- Many regular monthly payments such as mortgages, insurance premiums, and some utilities are automatically debited from checking accounts. These will all come to a screeching halt.
- SWIFT wire transfers will probably be suspended, freezing a good portion of global commerce. Similarly, International ACH transactions (IATs) will also be shut down, since they access the U.S. ACH network.
- The ability to process credit card payments will be dubious, at best. Many merchants will wisely "just say no" to credit cards, even if their countertop POP terminals are still functioning and show available credit. And the fact that many credit cards are now just debit cards in disguise will only add to the reluctance of merchants to take any credit cards.
- Point of purchase (POP) processing of credit and debit cards at gas stations has become ubiquitous. Nearly everyone now uses the "pay at the pump" option. Gas and diesel could become "cash only" transactions.
- Most American families keep less than $300 in cash at home at any given time, including their kids' piggy banks. For most families, that wouldn't cover even one month's rent.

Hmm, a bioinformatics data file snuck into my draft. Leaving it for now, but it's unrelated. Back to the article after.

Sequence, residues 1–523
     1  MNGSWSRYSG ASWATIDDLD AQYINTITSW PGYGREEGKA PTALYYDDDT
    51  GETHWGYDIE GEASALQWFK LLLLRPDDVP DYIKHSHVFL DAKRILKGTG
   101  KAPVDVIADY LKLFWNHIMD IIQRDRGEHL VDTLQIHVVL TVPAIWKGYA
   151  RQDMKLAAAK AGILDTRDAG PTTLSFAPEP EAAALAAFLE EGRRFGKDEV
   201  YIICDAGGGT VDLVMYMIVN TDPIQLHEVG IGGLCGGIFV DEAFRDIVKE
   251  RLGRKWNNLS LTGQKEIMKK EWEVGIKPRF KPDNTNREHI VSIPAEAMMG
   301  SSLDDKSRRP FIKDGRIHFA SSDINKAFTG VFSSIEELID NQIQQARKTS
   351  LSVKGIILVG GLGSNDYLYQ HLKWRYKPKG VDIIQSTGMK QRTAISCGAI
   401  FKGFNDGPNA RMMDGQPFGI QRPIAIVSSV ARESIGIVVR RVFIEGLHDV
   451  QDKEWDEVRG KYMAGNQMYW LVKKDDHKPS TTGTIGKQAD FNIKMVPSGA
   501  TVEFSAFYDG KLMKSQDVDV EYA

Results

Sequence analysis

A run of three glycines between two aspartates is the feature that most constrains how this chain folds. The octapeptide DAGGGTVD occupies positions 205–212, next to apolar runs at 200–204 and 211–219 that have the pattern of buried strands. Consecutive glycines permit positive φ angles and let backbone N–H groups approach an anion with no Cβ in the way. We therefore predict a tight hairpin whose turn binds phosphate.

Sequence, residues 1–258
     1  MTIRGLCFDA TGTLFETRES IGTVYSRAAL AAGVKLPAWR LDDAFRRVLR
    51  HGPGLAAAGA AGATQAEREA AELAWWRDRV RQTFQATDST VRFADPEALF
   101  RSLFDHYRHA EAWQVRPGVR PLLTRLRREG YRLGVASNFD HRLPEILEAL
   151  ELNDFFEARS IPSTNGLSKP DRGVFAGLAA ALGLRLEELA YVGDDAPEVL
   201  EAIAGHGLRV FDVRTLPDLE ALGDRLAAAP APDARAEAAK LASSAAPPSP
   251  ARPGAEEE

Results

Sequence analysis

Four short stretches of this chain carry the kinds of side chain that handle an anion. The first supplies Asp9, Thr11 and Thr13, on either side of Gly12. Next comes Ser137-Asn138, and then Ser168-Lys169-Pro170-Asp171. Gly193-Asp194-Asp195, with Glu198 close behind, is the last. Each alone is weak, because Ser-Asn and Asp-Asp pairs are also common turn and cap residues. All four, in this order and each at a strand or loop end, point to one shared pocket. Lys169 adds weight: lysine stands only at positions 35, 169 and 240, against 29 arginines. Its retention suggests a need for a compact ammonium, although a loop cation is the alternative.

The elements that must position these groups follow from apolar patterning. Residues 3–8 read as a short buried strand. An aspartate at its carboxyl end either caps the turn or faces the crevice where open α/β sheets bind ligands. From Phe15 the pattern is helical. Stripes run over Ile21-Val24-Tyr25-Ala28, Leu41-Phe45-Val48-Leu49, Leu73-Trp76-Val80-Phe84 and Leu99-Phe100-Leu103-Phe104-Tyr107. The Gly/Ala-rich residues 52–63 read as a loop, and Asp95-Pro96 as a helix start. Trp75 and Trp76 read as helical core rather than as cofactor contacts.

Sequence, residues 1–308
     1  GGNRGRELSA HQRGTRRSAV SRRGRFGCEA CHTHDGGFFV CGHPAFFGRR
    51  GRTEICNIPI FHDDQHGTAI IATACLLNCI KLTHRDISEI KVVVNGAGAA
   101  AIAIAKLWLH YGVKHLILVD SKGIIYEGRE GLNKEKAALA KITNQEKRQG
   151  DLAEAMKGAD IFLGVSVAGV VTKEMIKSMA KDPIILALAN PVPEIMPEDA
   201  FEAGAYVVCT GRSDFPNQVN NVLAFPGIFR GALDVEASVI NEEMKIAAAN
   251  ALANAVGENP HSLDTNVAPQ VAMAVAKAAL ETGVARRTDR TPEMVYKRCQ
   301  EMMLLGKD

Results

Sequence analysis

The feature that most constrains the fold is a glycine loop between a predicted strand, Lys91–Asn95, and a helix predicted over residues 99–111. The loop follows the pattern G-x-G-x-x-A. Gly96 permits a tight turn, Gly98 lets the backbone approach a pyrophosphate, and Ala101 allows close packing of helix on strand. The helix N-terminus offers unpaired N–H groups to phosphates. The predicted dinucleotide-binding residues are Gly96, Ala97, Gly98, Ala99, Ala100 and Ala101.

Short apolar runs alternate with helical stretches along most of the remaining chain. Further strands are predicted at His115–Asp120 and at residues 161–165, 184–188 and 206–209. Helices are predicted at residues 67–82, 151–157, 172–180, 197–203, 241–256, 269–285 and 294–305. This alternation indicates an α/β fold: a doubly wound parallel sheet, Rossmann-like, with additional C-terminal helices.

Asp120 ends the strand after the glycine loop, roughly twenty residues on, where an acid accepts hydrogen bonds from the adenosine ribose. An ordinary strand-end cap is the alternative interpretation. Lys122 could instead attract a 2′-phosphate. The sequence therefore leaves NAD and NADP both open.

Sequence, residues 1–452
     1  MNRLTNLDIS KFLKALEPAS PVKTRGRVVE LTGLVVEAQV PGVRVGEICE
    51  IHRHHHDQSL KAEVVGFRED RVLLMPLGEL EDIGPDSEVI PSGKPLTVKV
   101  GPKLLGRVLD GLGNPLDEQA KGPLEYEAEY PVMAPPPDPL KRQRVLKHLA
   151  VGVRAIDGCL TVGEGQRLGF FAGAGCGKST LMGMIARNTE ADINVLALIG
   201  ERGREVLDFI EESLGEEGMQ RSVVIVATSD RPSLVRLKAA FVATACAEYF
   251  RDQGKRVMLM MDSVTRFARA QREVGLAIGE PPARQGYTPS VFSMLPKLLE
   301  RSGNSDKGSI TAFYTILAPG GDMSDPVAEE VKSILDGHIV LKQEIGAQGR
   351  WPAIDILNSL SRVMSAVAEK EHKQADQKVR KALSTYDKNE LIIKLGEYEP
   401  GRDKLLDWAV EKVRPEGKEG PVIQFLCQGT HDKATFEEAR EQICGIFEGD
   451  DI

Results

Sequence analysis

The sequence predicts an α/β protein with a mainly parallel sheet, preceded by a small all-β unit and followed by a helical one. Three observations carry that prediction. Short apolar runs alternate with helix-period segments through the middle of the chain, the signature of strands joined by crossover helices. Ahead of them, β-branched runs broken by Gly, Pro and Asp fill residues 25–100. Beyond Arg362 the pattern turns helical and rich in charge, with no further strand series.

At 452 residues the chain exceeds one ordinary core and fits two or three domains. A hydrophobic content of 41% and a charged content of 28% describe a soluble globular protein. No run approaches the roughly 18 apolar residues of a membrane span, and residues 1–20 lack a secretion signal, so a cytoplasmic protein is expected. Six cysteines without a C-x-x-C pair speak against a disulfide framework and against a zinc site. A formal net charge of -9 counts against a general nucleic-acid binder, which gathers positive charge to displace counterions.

- Formerly distributed as "Food Stamps", the USDA's Supplemental Nutrition Assistance Program (SNAP), provides benefits to low income families through Electronic Benefit Transfer (EBT) card payments. These cards look much like credit cards. And like checks, EBT payments are all routed through the ACH network. Again, this is a network that is inside banking system firewalls. If the banking system goes into holiday mode, then it may take days or even weeks to get EBT processing back on line. If the EBT payments stop, we can expect riots in metropolitan areas in less than a week.